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Debbie Carlson

METALS OUTLOOK: Uncertain Outlook For Gold Next Week

By Debbie Carlson of Kitco News
Friday March 1, 2013 2:10 PM

(Kitco News) - A volatile gold market is leaving market participants wary on gold’s direction next week after sharp rallies and breaks were seen in this week’s action.

Gold had a wide trading range this week, roughly between $1,554 and $1,620, and prices settled at the lower end of this range.

April gold futures ended weaker on Friday, settling at $1,572.30 an ounce on the Comex division of the New York Mercantile Exchange. This was down 50 cents, or 0.03%, on the week. Most-active May silver ended higher on the day, settling at $28.49. This was down 3 cents, or 0.105% on the week.

The uncertainty of the market’s price direction was seen in the weekly Kitco News Gold Survey. Out of 33 participants, 29 responded this week. Of those 29 participants, 13 see prices up, while eight see prices down, and eight see prices moving sideways or are neutral. Market participants include bullion dealers, investment banks, futures traders, money managers and technical-chart analysts.

Gold prices ended February with a loss, the fifth month in a row to do so and the longest losing streak since 1993, according to Deutsche Bank.

There is a distinct difference in the sentiment toward gold, with those participants who use the futures market or exchange-traded funds selling, but physical traders buying, particularly in Asia.

Commodity Futures Trading Commission data show speculators hold some of the smallest net-long positions in gold in several years and exchange-traded fund data showed some investors are selling. INTL FCStone said the largest gold ETF, the SPDR Gold Trust, saw its biggest monthly outflow since inception, with smaller gold funds also seeing outflows.

Barclays said given this bearish sentiment, “there is scope for a short covering rally,” however, “macro data surprises to the downside are likely to lead to a larger-than-expected move higher.”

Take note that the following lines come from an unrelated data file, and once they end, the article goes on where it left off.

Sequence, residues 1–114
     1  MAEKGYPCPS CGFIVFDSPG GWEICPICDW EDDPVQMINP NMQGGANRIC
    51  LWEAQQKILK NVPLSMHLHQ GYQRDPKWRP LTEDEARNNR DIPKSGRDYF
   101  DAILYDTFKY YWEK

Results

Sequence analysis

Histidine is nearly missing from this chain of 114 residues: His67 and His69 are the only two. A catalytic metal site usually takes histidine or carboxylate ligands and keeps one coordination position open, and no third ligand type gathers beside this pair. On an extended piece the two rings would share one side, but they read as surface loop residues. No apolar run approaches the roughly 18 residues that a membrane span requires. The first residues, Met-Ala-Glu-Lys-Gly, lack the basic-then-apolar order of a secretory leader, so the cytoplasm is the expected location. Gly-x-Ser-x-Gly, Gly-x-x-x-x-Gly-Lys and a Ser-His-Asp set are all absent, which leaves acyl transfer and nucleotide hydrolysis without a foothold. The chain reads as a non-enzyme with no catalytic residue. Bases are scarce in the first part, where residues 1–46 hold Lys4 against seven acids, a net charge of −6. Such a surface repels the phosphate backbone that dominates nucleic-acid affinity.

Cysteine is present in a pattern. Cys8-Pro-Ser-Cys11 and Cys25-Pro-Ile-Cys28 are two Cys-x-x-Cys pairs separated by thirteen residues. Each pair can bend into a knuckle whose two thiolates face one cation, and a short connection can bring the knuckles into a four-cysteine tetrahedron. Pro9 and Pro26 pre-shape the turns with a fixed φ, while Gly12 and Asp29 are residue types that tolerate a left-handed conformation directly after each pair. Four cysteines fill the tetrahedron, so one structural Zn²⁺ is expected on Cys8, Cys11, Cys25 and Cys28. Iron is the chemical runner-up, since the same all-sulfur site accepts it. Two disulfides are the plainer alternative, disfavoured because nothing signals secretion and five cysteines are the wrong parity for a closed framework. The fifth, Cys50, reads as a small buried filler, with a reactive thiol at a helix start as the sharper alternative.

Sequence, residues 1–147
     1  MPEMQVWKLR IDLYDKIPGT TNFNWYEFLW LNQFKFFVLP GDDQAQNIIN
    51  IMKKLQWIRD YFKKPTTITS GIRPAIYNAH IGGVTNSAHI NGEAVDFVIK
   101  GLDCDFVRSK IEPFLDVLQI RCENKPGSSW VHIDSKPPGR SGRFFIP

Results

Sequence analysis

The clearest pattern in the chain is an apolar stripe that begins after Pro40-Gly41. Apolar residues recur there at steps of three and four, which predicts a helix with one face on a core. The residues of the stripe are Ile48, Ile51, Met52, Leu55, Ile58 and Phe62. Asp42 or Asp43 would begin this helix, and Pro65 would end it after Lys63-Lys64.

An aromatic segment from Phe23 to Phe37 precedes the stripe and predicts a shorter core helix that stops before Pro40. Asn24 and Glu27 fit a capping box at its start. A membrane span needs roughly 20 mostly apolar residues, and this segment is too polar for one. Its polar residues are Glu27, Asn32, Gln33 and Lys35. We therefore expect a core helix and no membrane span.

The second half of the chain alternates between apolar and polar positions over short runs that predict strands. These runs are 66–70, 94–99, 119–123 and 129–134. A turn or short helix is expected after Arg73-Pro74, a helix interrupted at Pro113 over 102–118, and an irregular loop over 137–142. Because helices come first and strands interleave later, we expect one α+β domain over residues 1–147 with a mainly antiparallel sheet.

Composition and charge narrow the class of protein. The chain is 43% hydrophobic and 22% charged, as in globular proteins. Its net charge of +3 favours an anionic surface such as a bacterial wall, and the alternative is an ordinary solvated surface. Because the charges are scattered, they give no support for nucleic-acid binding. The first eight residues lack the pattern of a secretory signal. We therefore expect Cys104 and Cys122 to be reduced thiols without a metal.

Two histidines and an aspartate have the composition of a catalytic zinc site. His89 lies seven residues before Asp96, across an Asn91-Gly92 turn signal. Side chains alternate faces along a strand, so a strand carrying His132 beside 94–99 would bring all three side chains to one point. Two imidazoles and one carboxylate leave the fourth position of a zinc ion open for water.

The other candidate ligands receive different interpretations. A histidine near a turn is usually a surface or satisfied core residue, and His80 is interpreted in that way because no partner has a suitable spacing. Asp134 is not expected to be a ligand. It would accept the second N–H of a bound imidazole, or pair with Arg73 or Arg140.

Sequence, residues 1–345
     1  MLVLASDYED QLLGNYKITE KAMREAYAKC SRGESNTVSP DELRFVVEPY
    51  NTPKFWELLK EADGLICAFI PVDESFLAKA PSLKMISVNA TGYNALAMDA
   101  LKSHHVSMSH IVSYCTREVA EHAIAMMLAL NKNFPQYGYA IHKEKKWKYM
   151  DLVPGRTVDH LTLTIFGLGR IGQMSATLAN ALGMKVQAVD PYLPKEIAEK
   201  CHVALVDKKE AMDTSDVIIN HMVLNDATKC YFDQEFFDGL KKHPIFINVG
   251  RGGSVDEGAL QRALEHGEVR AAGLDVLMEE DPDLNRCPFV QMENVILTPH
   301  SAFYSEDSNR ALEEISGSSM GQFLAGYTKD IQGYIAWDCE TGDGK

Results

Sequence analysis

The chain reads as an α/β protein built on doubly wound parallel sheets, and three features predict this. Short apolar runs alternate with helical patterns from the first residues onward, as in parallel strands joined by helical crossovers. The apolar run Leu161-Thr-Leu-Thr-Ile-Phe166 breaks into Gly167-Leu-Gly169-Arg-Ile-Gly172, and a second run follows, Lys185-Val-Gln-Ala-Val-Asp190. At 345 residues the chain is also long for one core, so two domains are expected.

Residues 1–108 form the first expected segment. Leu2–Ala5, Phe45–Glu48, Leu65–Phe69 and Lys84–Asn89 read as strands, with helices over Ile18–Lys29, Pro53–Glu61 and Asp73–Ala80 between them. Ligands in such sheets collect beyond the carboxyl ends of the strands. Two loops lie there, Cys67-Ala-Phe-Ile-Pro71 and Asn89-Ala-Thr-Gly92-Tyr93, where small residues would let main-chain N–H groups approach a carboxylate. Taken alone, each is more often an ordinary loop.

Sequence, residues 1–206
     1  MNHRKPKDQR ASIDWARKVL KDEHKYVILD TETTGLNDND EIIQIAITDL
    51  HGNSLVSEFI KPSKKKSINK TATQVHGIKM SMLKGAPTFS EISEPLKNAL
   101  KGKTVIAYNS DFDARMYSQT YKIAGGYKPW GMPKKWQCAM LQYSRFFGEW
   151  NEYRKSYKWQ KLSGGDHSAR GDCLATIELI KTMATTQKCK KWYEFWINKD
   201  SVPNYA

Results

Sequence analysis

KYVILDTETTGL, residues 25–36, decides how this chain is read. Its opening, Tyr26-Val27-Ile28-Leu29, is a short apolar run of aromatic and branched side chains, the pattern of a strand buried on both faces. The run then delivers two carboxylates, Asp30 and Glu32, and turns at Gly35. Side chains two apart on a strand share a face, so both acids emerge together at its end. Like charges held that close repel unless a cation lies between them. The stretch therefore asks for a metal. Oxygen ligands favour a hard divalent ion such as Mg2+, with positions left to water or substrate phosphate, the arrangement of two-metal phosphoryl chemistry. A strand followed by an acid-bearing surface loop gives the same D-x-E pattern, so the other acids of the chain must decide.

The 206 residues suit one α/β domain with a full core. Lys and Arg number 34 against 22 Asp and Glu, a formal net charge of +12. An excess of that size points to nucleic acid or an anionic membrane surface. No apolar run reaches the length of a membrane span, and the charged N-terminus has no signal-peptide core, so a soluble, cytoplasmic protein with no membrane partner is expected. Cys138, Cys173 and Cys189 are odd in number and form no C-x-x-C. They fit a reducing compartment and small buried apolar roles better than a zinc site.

Frank Lesh, futures broker at FuturePath Trading, said the heaviest selling may be over, but that doesn’t mean investors will be back to buy. He’s expecting gold to hold in the current range.  “Psychology has been damaged and we cannot expect to see this capital come rushing back in soon, however. Traders are selling the rallies rather than buying the dips as short positions are favored. If the $1,550s do hold, then I expect gold to trade in a range between the $1,550s and low $1,600s...”

Countering the bearish view on gold in futures and ETF markets is the physical buying interest, several market watchers said. Chinese and Indian buyers have snapped up gold at the discounted prices, but market watchers added that this needs to continue if the yellow metal is to at least sustain some kind of floor. Some questioned whether the Indian buying will continue as strongly since some of it may have been in anticipation of possibly higher taxes on gold by the Indian government, which so far have not materialized.

Concerns about the U.S. economy slowing might come into focus next week, despite some recent stronger-than-expected economic data, because of the sequester cuts. Although the $85 billion in sequester cuts won’t be felt immediately, the longer-term impact is expected to dampen the U.S. economy this year, economists said.

Some gold market analysts said if concerns about the economy slowing increase, it might cause some investors to return to gold. Part of what’s turned some investors sour on the metal is the outsized performance of the equity market.

“Washington’s inability to come together with a pro-growth fiscal-policy mix puts much pressure on Bernanke’s Fed to maintain - and possibly even step up - its ongoing program of quantitative easing and extremely low interest rates,“ said Jeffrey Nichols, senior economic adviser to Rosland Capital and managing director at American Precious Metals Advisors.

Data releases next week in the U.S. include the always-important U.S. unemployment report, set for release Friday. Also next week, the Federal Reserve will release it Beige Book, which was prepared ahead of a Federal Open Market Committee meeting later this month. Market watchers said the report will likely present an overview of the U.S. economy in the wake of the higher payroll taxes that kicked in during January.  

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By Debbie Carlson of Kitco News dcarlson@kitco.com

Disclaimer: The views expressed in this article are those of the author and may not reflect those of Kitco Metals Inc. The author has made every effort to ensure accuracy of information provided; however, neither Kitco Metals Inc. nor the author can guarantee such accuracy. This article is strictly for informational purposes only. It is not a solicitation to make any exchange in precious metal products, commodities, securities or other financial instruments. Kitco Metals Inc. and the author of this article do not accept culpability for losses and/ or damages arising from the use of this publication.

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